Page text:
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Books are still a great friend for your kid! But which are the best books?

+3 votes
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Books are one of your best friends! Did you know that it is no different for your child? Of course it is not easy to expect children to read these days - what with all the attention on smart phones, entertainment, sports apps and the Net. There is a challenge in getting kids discover the joys of reading. But once you ignite the joy of reading, there is no stopping them. Here is a list of great books for children. Sourced from Goodnet: Gateway to Doing Good - this article shows you some top books for kids. 25 Children's Books To Teach your kids Meaningful values: http://www.goodnet.org/articles/25-childrens-books-that-teach-kids-meaningful-values

posted Nov 26, 2016 by anonymous

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+3 votes

Kids are of all kinds, all choices, all curiosities. Picking a gift for a child is of course even bigger a challenge. Jenn explains the options available and why some toys are best suited for some kids. Great piece from Quartz. http://qz.com/844793/holiday-gift-guide-toys-to-spark-kids-creativity-and-imagination// Some of these are for grown ups too. Whoever wants to try, build, learn and play.

+1 vote

Re “The Right Way to Bribe Kids to Read ,” by KJ Dell’Antonia (Sunday Review, July 24):

https://www.nytimes.com/2016/08/01/opinion/on-getting-the-children-to-read.html?rref=collection%2Ftimestopic%2FEducation%20and%20Schools&action=click&contentCollection=timestopics&region=stream&module=stream_unit&version=latest&contentPlacement=1&pgtype=collection&_r=0

We all know that books fight for priority between laptops and iPhones. But as a teacher and children’s author, I have found that children who love books have parents who are bookworms and grow up with books lying around on every surface, from the kitchen table to unruly piles on the floor.These children always enjoy books at bedtime, as well as an animated reader with a knack for acting the different parts in funny voices, lots of gestures and facial expressions.

Bribes? No way

If children learn that reading is an assignment they are forced to pursue, or a chore they are bribed to do, how can that lead to a love of reading?

Almost all children are naturally curious and motivated to learn when they are free to do so. When they discover early that reading will provide answers to their questions in a dependable way that they can control, that’s when a lifelong love of reading and learning can begin.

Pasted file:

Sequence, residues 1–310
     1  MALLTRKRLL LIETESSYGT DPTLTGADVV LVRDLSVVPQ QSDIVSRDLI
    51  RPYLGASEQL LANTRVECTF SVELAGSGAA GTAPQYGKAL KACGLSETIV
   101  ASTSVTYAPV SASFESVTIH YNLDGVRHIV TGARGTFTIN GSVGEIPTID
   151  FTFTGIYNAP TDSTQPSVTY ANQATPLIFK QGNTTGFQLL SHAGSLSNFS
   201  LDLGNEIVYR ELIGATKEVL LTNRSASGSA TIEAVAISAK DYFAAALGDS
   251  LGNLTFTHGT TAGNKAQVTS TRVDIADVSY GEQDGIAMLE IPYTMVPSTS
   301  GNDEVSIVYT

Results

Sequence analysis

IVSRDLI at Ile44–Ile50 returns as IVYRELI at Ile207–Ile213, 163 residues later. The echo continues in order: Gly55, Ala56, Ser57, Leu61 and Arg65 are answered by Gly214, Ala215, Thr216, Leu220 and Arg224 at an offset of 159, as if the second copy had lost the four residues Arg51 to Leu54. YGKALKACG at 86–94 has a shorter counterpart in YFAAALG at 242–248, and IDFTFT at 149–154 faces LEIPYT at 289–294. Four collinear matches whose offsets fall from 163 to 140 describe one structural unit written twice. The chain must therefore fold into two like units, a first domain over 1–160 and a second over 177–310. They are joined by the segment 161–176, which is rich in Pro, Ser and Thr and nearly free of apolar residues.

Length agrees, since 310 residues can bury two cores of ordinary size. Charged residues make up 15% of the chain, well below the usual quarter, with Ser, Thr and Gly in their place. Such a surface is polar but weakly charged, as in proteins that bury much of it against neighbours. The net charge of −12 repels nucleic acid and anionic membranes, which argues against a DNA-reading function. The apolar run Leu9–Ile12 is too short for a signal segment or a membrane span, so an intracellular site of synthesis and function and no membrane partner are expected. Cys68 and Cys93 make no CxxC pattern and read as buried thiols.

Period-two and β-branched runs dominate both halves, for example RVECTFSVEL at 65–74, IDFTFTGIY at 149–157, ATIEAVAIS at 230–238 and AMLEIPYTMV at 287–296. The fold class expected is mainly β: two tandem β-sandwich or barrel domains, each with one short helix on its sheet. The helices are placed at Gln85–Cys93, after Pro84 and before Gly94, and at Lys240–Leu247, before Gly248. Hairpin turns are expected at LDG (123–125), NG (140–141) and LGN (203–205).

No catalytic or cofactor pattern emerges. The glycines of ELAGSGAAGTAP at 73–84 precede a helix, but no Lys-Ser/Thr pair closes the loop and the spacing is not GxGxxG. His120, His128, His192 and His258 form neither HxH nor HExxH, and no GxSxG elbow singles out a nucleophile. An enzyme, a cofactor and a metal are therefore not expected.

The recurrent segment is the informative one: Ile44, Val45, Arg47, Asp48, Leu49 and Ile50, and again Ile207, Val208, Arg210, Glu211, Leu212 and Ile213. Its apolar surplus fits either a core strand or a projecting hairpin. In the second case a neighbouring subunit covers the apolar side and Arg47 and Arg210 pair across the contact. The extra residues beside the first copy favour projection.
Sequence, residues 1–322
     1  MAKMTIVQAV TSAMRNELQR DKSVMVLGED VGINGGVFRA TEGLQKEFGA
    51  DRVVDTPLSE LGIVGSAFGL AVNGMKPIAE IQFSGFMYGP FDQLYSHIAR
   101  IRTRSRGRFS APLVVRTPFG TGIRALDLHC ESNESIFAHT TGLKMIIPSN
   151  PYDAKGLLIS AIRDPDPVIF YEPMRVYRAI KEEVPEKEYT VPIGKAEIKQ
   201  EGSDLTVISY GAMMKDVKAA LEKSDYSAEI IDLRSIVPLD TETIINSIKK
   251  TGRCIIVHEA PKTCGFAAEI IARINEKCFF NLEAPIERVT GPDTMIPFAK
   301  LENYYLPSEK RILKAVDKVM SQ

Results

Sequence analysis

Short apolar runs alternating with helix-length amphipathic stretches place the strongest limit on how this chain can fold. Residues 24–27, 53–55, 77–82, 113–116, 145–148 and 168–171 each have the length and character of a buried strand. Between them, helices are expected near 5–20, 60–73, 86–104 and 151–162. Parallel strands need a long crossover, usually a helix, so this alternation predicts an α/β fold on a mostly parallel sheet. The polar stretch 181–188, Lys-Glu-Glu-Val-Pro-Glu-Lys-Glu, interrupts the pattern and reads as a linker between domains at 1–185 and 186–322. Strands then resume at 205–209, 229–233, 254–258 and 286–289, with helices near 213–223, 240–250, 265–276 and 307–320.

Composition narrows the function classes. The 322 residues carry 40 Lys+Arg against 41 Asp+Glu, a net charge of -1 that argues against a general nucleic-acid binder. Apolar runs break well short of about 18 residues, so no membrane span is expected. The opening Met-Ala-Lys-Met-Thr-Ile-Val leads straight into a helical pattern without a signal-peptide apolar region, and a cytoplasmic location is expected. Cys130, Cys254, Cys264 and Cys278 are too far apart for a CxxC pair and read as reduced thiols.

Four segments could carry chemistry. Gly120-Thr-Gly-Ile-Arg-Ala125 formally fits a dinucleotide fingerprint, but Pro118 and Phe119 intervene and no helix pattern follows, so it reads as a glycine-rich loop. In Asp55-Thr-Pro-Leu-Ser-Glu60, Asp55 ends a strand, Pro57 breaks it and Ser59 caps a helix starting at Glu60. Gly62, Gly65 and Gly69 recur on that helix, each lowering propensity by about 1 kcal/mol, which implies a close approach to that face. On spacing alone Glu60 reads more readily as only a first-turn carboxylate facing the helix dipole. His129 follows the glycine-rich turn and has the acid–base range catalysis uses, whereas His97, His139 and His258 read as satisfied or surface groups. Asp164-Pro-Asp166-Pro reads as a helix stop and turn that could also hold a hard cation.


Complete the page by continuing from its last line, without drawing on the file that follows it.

Infants and children get a special reward from being read to: the intimacy of those moments when a parent is completely theirs. This often establishes a lasting link between reading and happiness.                                 Adolescents and parents can strengthen their connection through reading, too. In high school, my son had to read 25 books a year. His father would get his own copy. They’d compare thoughts about the plots and characters, and playfully compete over who would finish first. Now that he’s grown, that son loves reading. Father and son value those times.

 

+4 votes

Funny stuff! When kids speak up fearlessly, most times its hilarious. Of course some times they go innocently overboard. Listen in!

Teacher: How old is your father?

Kid: He is 6 years old

Teacher: What? How is that possible? 

Kid: He became father only after I was born

** 

Teacher: John, why are you doing your math multiplication on the floor?

John: You told me not to use tables.

**

 

Teacher: Glenn, What is the chemical formula for water?

Glenn: H I J K L M N O

Teacher: Who taught you that?

Glenn: Yesterday you said H to O

**

Teacher: Rohan, name one important thing we have today that we did not 10 years ago

Rohan: Me

** 

Teacher: Vish, why do you always get so dirty?

Vish: Because I am closer to the ground than you are

** 

Teacher: Mohan, give me a sentence starting with I

Mohan: I is..

Teacher: No Mohan, always say 'I am..'

Mohan: All right. I am the ninth letter of the alphabet

** 

Teacher: George Washington not only chopped down his father's cherry tree but also admitted it. Now, Louie, do you know why his father did not punish him?

Louie: Yes, because he still had the axe in his hand

** 

Teacher: Now, Simon, tell me the truth, do you say prayers before you eat dinner?

Simon: No sir, I don't have to. My mum is a good cook

** 

Teacher: Clyde, your composition on 'My Dog' is exactly the same as your brother's. Tell me the truth. Did you copy his essay?

Clyde: No sir, its the same dog.

+1 vote

        

Photo Source: World Economic Forum

By- Teresa Belton

https://www.weforum.org/agenda/2016/09/being-bored-is-good-for-children-and-adults-this-is-why?utm_content=bufferb8f6b&utm_medium=social&utm_source=twitter.com&utm_campaign=buffer

From books, arts and sports classes to iPads and television, many parents do everything in their power to entertain and educate their children. But what would happen if children were just left to be bored from time to time? How would it affect their development?